No I don’t mean your buddy who has ideas about your next song, I mean real producers such as Rick Rubin, Jerry Wexler, Glen Ballard, Jimmy Iovine, and Pharrell. A lot of artists think they can produce their own songs, but they get stuck, especially in problems arriving from point one above. The best producers know how to take away extras from the song, which allows the hook to shine through. They know how to connect your ideas with the music listener, who is usually enjoying music in a different way than you are.

4. Don’t throw in a hook just because it sounds cool:

I will return you to my analysis of Metallica and the haunting opening to Welcome Home/Sanitarium. This isn’t a complex hook, but it fits in with the overall theme and dark feel of the song. The hook needs to be thought of as an overall component to the brand you are trying to develop for that song. The Beatles’ producer George Martin was a master of this. Songs such as Yesterday are stripped down, forcing the consumer to become directly attached to the haunting lyrics, while Sgt. Pepper’s Lonely Hearts Club Band brings in a lot of noise and ruckus to make you feel as though you are surrounded by a, you guessed it, marching band.

5. Hooks can be anywhere:

A great hook doesn’t need to be played on the guitar or piano.  It can come from the bass. Dave Matthews Band bassist Stefan Lessard proved that in the tune Crush. It can come from the drums. Steve Gadd proved that with his catchy rhythm on Paul Simon’s 50 Ways to Leave Your Lover. It can even come from secondary lyrics. Who doesn’t say the phrase “turn it up” when listening to Sweet Home Alabama by Lynyrd Skynyrd?  The point is that catchy hooks can come from any member of the group, so keep that and point number two above in mind.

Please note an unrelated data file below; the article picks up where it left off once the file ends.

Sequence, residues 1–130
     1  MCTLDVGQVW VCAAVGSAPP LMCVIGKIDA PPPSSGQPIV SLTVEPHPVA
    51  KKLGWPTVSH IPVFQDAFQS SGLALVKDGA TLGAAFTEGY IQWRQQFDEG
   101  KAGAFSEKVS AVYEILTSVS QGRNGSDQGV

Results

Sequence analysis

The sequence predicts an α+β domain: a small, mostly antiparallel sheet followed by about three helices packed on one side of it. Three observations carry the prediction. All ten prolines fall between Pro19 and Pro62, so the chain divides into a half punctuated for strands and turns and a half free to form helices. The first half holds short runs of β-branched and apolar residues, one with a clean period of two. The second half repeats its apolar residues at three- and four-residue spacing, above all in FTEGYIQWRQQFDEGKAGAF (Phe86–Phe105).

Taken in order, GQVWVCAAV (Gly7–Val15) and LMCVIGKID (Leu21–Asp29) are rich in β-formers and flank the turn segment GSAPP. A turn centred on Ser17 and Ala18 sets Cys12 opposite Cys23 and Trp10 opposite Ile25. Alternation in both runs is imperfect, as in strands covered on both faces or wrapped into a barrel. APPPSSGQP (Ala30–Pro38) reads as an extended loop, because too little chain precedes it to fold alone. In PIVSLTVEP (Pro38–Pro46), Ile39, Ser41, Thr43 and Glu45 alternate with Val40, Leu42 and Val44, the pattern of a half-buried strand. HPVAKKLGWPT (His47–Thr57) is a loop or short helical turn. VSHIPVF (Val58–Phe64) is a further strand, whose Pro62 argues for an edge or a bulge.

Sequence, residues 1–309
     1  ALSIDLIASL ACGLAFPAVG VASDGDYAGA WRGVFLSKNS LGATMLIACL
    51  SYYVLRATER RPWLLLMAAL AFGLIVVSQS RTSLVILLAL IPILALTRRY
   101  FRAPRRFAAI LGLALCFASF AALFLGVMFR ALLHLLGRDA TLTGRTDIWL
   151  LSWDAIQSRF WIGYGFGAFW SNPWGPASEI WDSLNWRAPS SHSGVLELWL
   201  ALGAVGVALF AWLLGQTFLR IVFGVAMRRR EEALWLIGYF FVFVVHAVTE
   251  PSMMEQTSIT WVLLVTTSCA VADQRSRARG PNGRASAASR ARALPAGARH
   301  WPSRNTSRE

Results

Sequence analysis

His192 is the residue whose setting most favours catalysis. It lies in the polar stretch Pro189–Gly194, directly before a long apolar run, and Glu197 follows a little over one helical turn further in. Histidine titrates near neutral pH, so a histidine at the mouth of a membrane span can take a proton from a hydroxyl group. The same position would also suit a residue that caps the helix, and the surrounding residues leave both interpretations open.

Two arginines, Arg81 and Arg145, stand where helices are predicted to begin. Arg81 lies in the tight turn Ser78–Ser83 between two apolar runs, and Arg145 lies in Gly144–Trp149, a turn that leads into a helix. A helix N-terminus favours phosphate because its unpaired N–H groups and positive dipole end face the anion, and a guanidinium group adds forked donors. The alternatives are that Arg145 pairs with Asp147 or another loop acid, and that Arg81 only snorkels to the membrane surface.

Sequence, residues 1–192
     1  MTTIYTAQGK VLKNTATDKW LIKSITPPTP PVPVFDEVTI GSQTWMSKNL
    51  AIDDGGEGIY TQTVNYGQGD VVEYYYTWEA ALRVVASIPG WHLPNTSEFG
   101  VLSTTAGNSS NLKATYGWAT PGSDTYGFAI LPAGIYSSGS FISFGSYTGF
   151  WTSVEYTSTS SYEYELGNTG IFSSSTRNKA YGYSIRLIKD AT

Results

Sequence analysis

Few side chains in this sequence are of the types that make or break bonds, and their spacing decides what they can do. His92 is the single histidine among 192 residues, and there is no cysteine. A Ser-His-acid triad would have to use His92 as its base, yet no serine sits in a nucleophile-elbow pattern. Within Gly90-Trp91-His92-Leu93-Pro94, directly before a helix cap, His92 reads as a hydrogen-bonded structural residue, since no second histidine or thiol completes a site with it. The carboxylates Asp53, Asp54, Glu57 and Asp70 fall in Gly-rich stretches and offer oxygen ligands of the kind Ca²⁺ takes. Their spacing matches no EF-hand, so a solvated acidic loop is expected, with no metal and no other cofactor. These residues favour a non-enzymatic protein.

The thing to remember is that your musical brand revolves around the tunes you create. When you take the time to craft songs that utilize all of their aspects (lyrics, tempo, genre, instrumentation, and production) to help articulate your intended feeling onto the music listener you stand a better chance of connecting with those listeners on a psychological level that will keep them returning to your brand over and over again.

When Hooks Become Brands

The other evening I kicked back, cracked a few beers and watched Metallica’s “Through the Never”. I have always been a fan of the group, caught them live on several occasions and own all of their albums. However, this time I watched their concert through the lens of a marketer, and what did I learn?

Metallica’s hooks have evolved into their own mini-brands that fuel the group’s ongoing success.

To help explain what I mean let’s look at a few great Metallica hooks and how they exploited them into a multi-million dollar franchise.

First take a listen to the opening of  their 1988 hit One. The simple haunting guitar hook sits on top of a background of gunfire helping set-up the overall feel of the song. It is a well crafted piece of music that would eventually catapult into it’s own brand image starting with a music video that left every kid in the late 80’s/early 90’s in complete awe.

Now watch how they carried that hook (now a brand) through to their live show 24 years later.

In 1984 the group unleashed Ride the Lightning offering up one of the most iconic Metallica tunes to date, For Whom the Bell Tolls. The song started with the sounds of, you guessed it, church bells followed by the pounding full band hits that have become a rally cry of fans everywhere.

Metallica has proven they know how to write a hook, and those hooks come from every member of the group. There are the dual guitar riffs that open Seek and Destroy. The haunting opening of Welcome Home (Sanitarium). Lars’ precision double bass in One.They even managed to turn lyrics into hooks. Remember Hetfield’s prayer in Enter Sandman followed by that “BOOM”? This group knows how to make music that sticks in our collective minds. Hooks that are so memorable they have evolved into very valuable brands for the franchise.